Hearing both footballers and football commentators off-screen can be a shock to the system. I was present at a charity dinner in 2009 at which the speakers were various Sky Sports figures including Richard Keys.
First up, though, was another Sky personality, the former football star Matt Le Tissier. His speech caused collective jaw-dropping. "I always enjoyed playing at White Hart Lane," he said, mentioning the ground of Tottenham Hotspur, whose Jewish fans make up a large proportion of its support. "It was the only place where I felt I didn't have a big nose."
He was followed by Richard Keys, who gave one of the most witless and sexist speeches I have heard. The main thrust concerned Tony Blair, not for some time the Prime Minister, so lacking topicality as well as taste.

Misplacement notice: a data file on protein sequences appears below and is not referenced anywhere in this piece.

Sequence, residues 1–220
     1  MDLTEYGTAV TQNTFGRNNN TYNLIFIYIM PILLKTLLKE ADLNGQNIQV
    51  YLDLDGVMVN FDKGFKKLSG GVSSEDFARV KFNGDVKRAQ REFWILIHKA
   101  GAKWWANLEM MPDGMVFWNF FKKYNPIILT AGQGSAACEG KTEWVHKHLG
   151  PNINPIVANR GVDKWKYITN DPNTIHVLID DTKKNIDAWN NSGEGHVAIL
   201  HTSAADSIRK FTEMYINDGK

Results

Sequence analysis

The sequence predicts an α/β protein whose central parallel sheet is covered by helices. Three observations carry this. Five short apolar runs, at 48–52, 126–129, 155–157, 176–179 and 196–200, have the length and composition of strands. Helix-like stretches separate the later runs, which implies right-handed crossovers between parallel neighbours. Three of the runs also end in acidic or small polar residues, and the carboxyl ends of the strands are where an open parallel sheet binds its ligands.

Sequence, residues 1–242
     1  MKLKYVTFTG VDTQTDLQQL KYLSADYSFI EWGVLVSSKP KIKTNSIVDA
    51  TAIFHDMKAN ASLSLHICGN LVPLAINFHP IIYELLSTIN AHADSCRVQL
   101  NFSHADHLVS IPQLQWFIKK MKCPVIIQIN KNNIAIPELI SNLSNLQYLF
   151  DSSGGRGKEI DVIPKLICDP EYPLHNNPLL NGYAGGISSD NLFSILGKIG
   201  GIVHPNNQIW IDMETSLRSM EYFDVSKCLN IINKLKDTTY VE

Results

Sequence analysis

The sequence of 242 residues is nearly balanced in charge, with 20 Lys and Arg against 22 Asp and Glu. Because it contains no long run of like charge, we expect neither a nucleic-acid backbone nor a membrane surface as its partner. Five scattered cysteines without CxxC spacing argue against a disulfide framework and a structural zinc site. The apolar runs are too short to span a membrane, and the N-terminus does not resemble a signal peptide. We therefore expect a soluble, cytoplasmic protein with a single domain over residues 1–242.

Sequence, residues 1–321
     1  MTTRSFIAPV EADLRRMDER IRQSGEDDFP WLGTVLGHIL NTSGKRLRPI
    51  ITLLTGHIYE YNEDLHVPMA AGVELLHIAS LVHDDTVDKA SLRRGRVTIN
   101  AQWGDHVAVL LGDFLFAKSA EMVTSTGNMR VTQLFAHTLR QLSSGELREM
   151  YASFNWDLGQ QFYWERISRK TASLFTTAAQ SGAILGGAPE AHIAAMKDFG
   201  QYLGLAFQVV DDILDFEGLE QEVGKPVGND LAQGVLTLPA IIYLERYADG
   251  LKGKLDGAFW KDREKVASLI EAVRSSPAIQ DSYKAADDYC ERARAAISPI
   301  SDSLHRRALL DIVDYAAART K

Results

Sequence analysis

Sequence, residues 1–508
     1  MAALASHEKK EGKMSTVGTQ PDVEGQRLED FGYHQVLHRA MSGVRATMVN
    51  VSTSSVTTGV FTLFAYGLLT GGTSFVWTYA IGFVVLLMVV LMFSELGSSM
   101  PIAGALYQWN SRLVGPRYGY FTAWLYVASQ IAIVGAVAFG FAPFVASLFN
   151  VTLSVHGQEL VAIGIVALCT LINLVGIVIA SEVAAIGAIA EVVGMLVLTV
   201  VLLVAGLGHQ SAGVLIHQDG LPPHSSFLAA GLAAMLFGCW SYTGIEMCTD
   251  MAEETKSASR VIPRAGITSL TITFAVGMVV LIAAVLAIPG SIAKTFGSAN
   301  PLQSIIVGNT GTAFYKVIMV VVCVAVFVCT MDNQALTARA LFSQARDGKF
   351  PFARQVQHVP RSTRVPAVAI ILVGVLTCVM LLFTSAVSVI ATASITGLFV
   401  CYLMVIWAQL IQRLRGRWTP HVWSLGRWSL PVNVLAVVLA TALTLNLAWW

Keys remarked that he had once glimpsed Cherie at a function. He grimaced, made noises of disgust and wondered aloud how on earth Blair could be attracted to her.
Thankfully, aside from the sound of communal cringeing, the room remained quiet. But it was a foretaste of the wit and wisdom of Keys and the need for some in-house training to bring Sky presenters into the 21st century.